The Supreme Court set aside the impugned orders dated 14.11.2011 in Crl. O.P. No. 20401 of 2011 and 15.12.2014 Crl. O.P.S.R. No. 55782 of 2014 of the High Court of Judicature at Madras with the observation that:

"In the present case as pointed out earlier that cheques were presented twice and notices were issued on 31.08.2009 and 25.01.2010. Applying the ratio of MSR Leathers (supra) the complaint filed based on the second statutory notice is not barred and the High Court, in our view, ought not to have quashed the criminal complaint and the impugned judgment is liable to be set aside."

The matter was remitted back to the Trial Court and all the contentions raised by the parties were left open to be raised before the Trial Court.

Hence, this Hon'ble Court conclusively held as under:

"The impugned judgment of the High Court is set aside and the appeals are allowed. The Complaint CC No. 4029 of 2010 before the Court of XVIII, Metropolitan Magistrate at Saidapet, Chennai is restored to the file of the Trial Court and the Trial Court shall proceed with the matter in accordance with law after affording sufficient opportunity to both the parties."


The Court reasoned, by reiterating the principle propounded in Leathers vs. S. Palaniappan and Another [2013 ((1) SCC 177 MSR] wherein the principle has been pounded by associating the same to the principles of interpretation of statutes that:

"29. It is trite that the object underlying Section 138 of the Act is to promote and inculcate faith in the efficacy of banking system and its operations giving creditability to negotiable instruments in business transactions and to create an atmosphere of faith and reliance by discouraging people from dishonouring their commitments which are implicit when they pay their dues through cheques. The provision was intended to punish those unscrupulous persons who issued cheques for discharging their liabilities without really intending to honour the promise that goes with the drawing up of such a negotiable instrument. It was intended to enhance the acceptability of cheques in settlement of liabilities by making the drawer liable for penalties in case the cheque was dishonoured and to safeguard and prevent harassment of honest drawers. (See Mosaraf Hossain Khan V. Bhagheeratha Engg. Ltd. Reported in (2006) 3 SCC 658; C. C. Alavi Haji v. Palapetty Muhammed reported in (2007) 6 SCC 555 and Damodar S. Prabhu v. Sayed Babalal H. reported in (2010) 5 SCC 663.) Having said that, we must add that one of the salutary principles of interpretation of statues is to adopt an interpretation which promotes and advances the object sought to be achieved by the legislation, in preference to an interpretation which defeats such object. This Court has in a long line of decisions recognized purposive interpretation as a sound principle for the courts to adopt while interpreting statutory provisions."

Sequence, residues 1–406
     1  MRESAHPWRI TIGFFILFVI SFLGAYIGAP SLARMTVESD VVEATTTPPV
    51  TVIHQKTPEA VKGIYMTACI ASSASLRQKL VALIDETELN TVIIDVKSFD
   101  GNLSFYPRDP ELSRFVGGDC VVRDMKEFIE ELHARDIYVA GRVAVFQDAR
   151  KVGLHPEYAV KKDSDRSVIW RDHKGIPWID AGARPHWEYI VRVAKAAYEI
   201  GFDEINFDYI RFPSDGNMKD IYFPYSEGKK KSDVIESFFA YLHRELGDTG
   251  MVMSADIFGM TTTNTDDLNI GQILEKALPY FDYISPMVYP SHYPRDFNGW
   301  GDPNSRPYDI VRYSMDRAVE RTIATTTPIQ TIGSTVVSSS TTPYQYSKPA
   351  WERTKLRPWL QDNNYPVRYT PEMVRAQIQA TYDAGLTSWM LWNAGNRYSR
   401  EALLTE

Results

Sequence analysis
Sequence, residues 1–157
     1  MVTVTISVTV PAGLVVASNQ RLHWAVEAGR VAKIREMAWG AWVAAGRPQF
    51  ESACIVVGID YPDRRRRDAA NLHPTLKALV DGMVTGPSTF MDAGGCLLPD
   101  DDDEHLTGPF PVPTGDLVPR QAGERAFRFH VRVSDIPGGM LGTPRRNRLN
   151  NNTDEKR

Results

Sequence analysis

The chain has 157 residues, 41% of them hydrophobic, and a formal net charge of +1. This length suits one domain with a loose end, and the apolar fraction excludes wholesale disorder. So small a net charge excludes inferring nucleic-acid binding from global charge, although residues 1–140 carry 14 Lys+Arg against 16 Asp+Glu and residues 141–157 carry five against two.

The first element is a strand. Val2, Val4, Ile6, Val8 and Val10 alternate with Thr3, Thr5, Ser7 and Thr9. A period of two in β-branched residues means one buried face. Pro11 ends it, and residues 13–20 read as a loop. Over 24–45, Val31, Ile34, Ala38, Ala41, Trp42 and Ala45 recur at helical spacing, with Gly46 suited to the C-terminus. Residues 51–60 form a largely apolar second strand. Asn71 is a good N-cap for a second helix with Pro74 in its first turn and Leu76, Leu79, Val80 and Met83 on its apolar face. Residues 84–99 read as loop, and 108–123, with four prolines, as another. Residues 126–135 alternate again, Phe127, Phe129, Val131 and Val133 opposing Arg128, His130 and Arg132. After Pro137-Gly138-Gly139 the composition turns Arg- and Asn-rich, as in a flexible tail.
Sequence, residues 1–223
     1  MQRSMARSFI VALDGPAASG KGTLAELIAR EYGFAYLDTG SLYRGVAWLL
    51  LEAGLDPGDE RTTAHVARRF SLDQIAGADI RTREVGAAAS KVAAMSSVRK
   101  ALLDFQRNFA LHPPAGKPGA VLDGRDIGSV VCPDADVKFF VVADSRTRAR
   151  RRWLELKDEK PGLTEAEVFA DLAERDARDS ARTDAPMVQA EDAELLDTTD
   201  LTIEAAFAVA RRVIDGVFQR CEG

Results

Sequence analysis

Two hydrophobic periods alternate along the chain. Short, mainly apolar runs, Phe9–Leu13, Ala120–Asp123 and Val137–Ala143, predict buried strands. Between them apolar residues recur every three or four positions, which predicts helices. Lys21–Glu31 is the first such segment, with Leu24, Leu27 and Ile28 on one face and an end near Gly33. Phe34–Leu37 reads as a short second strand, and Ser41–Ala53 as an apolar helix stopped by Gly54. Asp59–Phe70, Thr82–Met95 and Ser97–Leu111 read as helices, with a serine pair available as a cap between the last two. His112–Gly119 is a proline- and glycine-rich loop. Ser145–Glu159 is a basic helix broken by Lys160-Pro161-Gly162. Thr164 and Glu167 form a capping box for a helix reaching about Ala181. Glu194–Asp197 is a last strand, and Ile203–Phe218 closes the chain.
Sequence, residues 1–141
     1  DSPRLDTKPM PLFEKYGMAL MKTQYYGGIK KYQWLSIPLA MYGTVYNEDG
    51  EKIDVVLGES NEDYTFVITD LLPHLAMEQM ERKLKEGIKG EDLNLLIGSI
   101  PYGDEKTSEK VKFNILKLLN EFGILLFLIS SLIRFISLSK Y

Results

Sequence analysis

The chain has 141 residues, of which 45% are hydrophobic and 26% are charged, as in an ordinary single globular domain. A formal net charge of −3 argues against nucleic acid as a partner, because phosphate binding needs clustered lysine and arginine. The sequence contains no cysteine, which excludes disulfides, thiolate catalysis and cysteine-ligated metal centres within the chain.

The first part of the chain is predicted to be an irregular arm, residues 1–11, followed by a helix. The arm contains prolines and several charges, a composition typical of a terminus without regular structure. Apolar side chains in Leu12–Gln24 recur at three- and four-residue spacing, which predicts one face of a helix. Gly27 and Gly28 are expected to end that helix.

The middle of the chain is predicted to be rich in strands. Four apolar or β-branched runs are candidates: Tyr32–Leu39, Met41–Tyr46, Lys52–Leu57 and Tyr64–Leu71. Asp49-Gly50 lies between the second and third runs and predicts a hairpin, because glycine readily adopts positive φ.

The Court also reasoned by reiterating the principle propounded in New India Sugar Mills Ltd. v. CST [1963(2) Suppl. SCR 459 = 1963 AIR 1207], that:

""8. ... It is a recognized rule of interpretation of statutes that the expressions used therein should ordinarily be understood in a sense in which they best harmonise with the object of the statue, and which effectuate the object of the legislature. If an expression is susceptible of narrow or technical meaning, as well as a popular meaning the court would be justified in assuming that the legislature used the expression in the sense which would carry out its object and reject that which renders the exercise of its power invalid"


The Hon'ble Supreme Court's ruling in the instant case upholds the preceding judgments relating to the same issue as exists in the present case and determines the judicial intent of the provisions of Section 138 of the said Act.

This has been done by determining the applicability of the rule of Harmonius Construction of the interpretation of statutes to the facts and circumstances of the current case.

The decisions that have been relied upon by this Hon'ble Court are a standing precedent in matters related to the procedural aspects of prosecution for dishonour of cheque.

The jurisprudence appropriated by this Hon'ble Court showcases the shared intent of the various stratum of the Indian Judiciary towards the determination of the procedure applicable in similar circumstances associated with matters of dishonour of cheque.

This balanced approach of the Court would go a long way in ensuring that the object and purport of the provisions of the said Act are protected.

This content is purely an academic analysis under "Legal intelligence series".

© Copyright AMLEGALS.